News - 2012
30 Jun 2012. "Rosh" & Xpl-57. After he disappeared for nearly three months, the radio signal of Xpl-73 “Rosh” was picked-up late last night west of the Sawarugab River. The lion was moving and the signal was soon lost in the mountainous terrain. This morning his tracks were followed for 7.5 km. He was in the company of a female and there were signs that they have been mating. At 23h46 this evening the lioness was darted. To great surprise she is Xpl-57 from the Hoanib Pride and the daughter of Xpl-47 “Bianca”. Xpl-57 was last seen in Sep 2010, when her sister (Xpl-58) was shot near Sesfontein, and she was presumed dead. The radio collar that was fitted to her in Aug 2010 had disintegrated (see photo), explaining why she could not be located. She was given a refurbished GPS radio collar, previously worn by her mother (Xpl-47).
29 Jun 2012. Okongwe. Large sections of the Hoaruseb, Gamatum and Sawarugab Rivers and the Okongwe Mountains were scanned for signs of the Hoanib & Okongwe lions. The camera-trap at Okongwe had been dislodged from its mounting by a rock hyrax on 10 April 2012. Judging by the amount of animal tracks near the camera, a lot of potentially valuable data were lost by this event. The camera was re-mounted more securely using a metal stake as an anchor. Notwithstanding, the camera recorded photographs of a male leopard, a spotted hyaena and several images of the secretive Jameson’s rock rabbit.
28 Jun 2012. Vehicle Tracks. A large area has been covered in search of Xpl-73 “Rosh”, the Hoanib Pride and the 70’s lionesses, but they have not yet been located. It is encouraging that there has not been any illegal traffic onto the Hoanib Floodplain in the Skeleton Coast Park since 5 Jun 2012 (see News - 16 Jun 2012). Attempts were made to re-habilitate some of the off-road vehicle tracks that were made during the past year.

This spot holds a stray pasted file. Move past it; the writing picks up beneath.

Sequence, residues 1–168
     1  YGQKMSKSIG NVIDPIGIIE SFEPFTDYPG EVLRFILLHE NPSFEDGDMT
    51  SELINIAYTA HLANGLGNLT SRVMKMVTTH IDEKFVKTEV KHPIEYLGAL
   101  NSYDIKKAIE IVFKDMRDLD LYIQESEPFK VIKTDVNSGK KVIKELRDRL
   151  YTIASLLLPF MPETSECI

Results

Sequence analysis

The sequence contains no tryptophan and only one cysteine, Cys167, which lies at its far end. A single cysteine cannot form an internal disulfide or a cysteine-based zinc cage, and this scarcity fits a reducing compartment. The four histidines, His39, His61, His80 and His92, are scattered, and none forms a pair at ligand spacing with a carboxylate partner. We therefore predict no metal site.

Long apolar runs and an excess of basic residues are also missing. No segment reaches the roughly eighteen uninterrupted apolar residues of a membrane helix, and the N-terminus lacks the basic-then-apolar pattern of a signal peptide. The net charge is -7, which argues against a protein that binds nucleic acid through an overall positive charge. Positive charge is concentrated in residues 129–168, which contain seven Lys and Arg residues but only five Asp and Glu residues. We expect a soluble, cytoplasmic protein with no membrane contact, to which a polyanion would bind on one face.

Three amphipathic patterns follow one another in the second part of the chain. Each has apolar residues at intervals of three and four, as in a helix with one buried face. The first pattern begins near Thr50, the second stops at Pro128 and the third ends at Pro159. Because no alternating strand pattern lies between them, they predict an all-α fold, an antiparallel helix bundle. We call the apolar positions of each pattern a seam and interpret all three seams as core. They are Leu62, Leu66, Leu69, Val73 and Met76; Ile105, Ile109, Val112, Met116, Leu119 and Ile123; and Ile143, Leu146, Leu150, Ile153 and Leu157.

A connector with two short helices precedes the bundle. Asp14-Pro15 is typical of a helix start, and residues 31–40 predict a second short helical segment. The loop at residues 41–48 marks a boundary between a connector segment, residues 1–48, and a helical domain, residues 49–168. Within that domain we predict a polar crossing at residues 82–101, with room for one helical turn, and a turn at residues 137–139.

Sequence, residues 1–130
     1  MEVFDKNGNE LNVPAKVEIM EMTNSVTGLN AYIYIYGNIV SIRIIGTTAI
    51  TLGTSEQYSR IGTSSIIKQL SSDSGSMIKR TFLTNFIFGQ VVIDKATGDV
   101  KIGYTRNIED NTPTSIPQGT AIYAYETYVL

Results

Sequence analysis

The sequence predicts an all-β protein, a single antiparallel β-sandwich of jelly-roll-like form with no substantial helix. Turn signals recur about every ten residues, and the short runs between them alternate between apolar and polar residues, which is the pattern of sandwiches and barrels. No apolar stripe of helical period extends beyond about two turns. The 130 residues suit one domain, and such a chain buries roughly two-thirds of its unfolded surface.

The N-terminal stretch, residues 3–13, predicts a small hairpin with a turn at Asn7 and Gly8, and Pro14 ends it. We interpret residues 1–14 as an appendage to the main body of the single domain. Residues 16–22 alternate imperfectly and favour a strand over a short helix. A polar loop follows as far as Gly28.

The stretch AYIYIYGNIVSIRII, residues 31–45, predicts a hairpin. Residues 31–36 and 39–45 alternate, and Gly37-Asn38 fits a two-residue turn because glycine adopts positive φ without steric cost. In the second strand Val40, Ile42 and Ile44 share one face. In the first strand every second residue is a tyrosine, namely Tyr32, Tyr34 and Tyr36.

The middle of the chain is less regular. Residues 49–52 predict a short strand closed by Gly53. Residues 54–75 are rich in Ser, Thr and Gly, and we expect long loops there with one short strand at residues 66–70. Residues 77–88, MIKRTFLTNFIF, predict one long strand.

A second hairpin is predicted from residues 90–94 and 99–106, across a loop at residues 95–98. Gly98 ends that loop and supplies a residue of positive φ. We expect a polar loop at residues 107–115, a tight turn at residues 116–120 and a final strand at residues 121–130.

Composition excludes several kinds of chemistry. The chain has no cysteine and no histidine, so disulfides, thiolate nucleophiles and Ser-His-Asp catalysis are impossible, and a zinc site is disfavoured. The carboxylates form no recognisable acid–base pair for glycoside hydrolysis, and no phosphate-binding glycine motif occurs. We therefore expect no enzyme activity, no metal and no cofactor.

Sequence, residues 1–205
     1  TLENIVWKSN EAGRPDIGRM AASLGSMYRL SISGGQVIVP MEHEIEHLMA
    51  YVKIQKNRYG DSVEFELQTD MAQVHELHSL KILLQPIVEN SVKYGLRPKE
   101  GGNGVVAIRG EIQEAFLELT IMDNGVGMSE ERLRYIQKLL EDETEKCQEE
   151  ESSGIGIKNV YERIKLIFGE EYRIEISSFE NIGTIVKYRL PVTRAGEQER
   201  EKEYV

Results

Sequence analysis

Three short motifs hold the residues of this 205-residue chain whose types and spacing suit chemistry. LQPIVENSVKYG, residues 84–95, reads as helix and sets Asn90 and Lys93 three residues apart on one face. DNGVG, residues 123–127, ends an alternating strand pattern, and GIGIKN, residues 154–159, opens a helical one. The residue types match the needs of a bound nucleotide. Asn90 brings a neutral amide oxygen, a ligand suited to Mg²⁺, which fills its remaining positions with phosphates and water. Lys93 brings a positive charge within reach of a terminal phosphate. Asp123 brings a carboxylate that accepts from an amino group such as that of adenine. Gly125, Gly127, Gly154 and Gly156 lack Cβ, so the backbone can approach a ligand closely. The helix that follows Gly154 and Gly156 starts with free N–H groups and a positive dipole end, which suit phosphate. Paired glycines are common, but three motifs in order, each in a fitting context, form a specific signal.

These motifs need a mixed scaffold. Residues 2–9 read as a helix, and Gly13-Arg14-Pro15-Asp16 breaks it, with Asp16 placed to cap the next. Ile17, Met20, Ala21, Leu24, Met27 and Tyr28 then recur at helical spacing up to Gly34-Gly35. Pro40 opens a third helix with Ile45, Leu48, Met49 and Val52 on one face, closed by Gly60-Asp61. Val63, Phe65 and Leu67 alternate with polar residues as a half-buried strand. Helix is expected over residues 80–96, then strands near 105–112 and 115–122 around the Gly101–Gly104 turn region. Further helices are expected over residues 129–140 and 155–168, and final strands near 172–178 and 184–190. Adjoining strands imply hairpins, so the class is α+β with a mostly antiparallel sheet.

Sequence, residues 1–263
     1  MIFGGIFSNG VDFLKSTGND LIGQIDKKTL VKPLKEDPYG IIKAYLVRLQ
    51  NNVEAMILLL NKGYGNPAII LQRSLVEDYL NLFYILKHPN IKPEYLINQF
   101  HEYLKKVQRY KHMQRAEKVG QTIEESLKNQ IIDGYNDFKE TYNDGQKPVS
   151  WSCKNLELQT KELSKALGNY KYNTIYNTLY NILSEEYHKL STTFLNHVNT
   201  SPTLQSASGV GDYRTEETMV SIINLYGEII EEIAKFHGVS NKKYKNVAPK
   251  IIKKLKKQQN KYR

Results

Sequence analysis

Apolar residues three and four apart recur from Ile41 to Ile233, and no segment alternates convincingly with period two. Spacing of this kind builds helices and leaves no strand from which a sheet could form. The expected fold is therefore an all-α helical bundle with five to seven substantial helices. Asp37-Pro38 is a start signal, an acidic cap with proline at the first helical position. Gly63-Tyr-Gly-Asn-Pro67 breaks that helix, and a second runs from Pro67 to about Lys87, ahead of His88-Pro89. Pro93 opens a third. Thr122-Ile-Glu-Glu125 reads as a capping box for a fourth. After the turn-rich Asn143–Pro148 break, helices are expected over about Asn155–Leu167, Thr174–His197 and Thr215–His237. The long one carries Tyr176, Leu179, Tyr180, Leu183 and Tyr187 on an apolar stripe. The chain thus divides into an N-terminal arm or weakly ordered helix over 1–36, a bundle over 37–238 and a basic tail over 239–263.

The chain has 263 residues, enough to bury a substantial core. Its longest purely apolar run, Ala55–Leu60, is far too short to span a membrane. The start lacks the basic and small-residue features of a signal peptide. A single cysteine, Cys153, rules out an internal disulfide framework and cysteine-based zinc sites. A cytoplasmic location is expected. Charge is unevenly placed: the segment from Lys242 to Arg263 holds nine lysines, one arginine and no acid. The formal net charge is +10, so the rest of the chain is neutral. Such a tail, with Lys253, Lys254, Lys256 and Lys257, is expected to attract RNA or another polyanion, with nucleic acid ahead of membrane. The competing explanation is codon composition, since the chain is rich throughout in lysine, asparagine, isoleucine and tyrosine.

27 Jun 2012. Giraffe Carcass. A camera-trap was mounted at a giraffe carcass near Amp’s Poort in the Hoanib River on 11 May 2012. To date, the camera has recorded 2179 valuable photographs. The majority of the images are of brown hyaenas (n = 1702), black-backed jackals (n = 323) and spotted hyaenas (n = 134). The records of spotted hyaenas are interesting because th e species is not known to frequent the Hoanib River this far west.
26 Jun 2012. Extended Search. For the past 24 hours attention has been focussed on locating the Hoanib male (Xpl-73 “Rosh”), the Hoanib females (Xpl-47 “Bianca”), the 70’s lionesses and the Floodplain Pride. The remains of an Oryx carcass, killed yesterday morning by the Floodplain Pride, was found near a spectacular mushroom-shaped rock (see photo below). A large area was covered, but no fresh tracks or radio signals were found.
25 Jun 2012. Camera Trap. The Floodplain Pride have remained in an inaccessible area, but they moved passed a camera-trap on the southern edge of the Floodplain at 05h16 on 24 Jun 2012.